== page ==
Category: Learn

3 Styles of Corporate Video (Part 2 of 2)

Done for the Day

[Part 2 of 2]

In part 1, I talked about the 11 categories of corporate videos that I see on YouTube. I often see people confusing types of videos with styles of video.  Animation, for example, is not a category of video but a style. The animation style is better suited to certain types of videos (explainer and overview videos) than others (I haven’t seen animation used in customer testimonials before) but it is best to separate the two. When you are tasked to create a type of video, you should then look for the style that is best suited to that: working the other way around is putting the cart before the horse. When you ask a client what kind of video they want to make, and they answer “Something animated” you need to cut to the type of video they really want before you get to the medium to render that message. You can also use a combination of styles: elements of screencast, animation and live action are often all blended together in overview videos, with high production values.
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11 Categories of Corporate Video (Part 1 of 2)

Done for the Day[Part 1 of 2]

There is no definitive list of different kinds of corporate videos that you can create. This list is constantly evolving and changing, but these are the kinds of external-facing, corporate videos that I see most commonly. These kind of videos are the ones you’ll find on YouTube associated with a company or brand. Video can also be used as a very effective internal communication tool but those videos are more typically found inside a company’s firewall rather than out in the public view on YouTube. All these types of videos in this list are the kind a company sees fit to release for public consumption.

One thing to remember is that you may create any of these kinds of videos with a specific purpose in mind, but your audience may use it for something entirely different. For example, I’ve created many, tightly-edited, feature demonstration videos that were intended show new and existing customers, features in a new release that they might be interested in. I’ve found sales guys using those videos instead of a demonstration, to save time, or to show a feature not yet available on their demo environment. Expect and encourage this. Once you put a video out on YouTube it may have it’s own life that is very different than the one you intended. I have seen managers panic about this and try to shut this ‘abuse’ down by taking videos off line. This over-reaction is to be discouraged.

I also see people confusing types of videos with styles of video so I have tried to list both separately. Animation, for example, is not a type of video but a style. The animation style is better suited to certain types of videos (explainer and overview videos) than others (I haven’t seen animation used in customer testimonials before) but it is best to separate the two. When you are tasked to create a type of video, you should then look for the style that is best suited to that: working the other way around is putting the cart before the horse. You can also use a combination of styles, with elements of screencast, animation and live action often all blended together in overview videos with high production values as a common example. Read more about styles of video in the second part of this piece.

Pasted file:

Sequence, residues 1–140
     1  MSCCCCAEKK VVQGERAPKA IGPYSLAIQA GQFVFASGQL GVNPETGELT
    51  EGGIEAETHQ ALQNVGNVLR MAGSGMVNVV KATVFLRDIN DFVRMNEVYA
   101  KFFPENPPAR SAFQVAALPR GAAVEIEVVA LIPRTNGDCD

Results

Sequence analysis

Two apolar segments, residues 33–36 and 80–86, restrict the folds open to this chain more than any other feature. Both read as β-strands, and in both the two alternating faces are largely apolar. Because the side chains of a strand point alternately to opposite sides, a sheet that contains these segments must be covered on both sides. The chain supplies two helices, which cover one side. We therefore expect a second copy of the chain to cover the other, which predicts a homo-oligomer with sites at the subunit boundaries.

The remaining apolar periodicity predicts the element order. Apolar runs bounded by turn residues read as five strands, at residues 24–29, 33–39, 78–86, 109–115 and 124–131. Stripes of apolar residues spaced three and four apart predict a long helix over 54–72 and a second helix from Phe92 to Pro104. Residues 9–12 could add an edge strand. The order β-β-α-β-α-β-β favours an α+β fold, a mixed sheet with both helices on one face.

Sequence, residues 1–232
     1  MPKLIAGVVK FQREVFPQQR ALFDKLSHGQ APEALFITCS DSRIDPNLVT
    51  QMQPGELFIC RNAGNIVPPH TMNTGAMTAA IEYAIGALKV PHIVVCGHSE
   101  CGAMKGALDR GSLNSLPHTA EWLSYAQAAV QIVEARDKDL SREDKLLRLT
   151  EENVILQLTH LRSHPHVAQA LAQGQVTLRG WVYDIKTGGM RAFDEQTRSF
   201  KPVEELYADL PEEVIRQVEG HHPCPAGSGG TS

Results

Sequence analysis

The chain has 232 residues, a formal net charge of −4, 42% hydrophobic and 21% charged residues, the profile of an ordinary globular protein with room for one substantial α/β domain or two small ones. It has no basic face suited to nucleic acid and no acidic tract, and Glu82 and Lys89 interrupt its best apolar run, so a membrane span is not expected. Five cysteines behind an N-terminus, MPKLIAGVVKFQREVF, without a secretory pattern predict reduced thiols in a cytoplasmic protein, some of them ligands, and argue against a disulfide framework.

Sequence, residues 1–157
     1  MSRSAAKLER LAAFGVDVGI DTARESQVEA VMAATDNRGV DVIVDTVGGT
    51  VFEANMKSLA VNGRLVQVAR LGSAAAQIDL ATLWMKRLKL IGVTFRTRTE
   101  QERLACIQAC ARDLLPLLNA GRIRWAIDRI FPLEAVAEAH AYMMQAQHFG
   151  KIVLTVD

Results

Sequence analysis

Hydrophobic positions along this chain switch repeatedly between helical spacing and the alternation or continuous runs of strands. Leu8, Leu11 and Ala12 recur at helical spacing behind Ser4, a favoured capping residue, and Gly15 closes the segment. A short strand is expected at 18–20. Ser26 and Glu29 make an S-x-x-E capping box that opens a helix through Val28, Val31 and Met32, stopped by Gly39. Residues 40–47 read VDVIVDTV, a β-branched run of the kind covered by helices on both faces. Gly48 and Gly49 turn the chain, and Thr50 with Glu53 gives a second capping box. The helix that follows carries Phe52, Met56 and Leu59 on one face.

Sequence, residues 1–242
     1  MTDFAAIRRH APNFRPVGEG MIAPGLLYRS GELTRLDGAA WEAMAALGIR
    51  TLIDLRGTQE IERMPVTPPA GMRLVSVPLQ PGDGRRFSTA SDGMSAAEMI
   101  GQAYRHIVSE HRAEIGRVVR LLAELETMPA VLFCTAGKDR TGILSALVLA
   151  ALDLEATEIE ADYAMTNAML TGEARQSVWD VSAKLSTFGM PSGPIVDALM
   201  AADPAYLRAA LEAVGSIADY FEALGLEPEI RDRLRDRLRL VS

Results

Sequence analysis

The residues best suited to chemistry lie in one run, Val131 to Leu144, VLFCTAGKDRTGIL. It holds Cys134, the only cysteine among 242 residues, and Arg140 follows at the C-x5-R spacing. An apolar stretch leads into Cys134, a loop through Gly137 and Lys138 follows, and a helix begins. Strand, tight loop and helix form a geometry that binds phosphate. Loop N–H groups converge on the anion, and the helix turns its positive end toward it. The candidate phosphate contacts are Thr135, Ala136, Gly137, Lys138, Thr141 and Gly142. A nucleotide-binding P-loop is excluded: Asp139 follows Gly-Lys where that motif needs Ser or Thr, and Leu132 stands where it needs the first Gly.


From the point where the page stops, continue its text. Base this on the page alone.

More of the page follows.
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What can you Learn from Funky In-Flight Videos?

Virgin America have been getting a lot of buzz about their in-flight safety video that has got more than six million views, to-date (BTS if you’re interested in hoe it was made). Rightly so, because they did the, almost, impossible in making you actually want to watch an in-flight safety video; hell, like most people who have seen it I watched it from the comfort of my own home and nowhere near a airplane seat. Virgin have made a marketing opportunity out of nothing and should be commended for that but they’re not the first airline company to get creative with the safety video, nor is it the first time they’ve got creative in this genre.

Delta’s Holiday video:

Not as hip as Virgin’s video but still a good effort.

Air New Zealand: Old-School Style

Air New Zealand has a tradition of wacky safety videos and you may have seen their Lord of the Rings flavored video but this Betty White effort is a personal favorite.

So, what can we learn from these safety videos? It’s obvious that every video, no matter how mundane, is a marketing opportunity. It’s also a chance to establish or reinforce your brand: if you want to be seen as staid and old-fashioned, just put in the least amount of effort that you have to, but if you want to be seen as fun and hip your video better reflect that. And, just because the video is intended for internal consumption (on your planes or internal website) doesn’t mean that it won’t get out there – in fact, all of these example videos assume that they will get out there and you should assume the same too. Humor goes a long way to sugarcoat a boring message and it keeps you watching  and engaged long after you would have normally turned off as a viewer.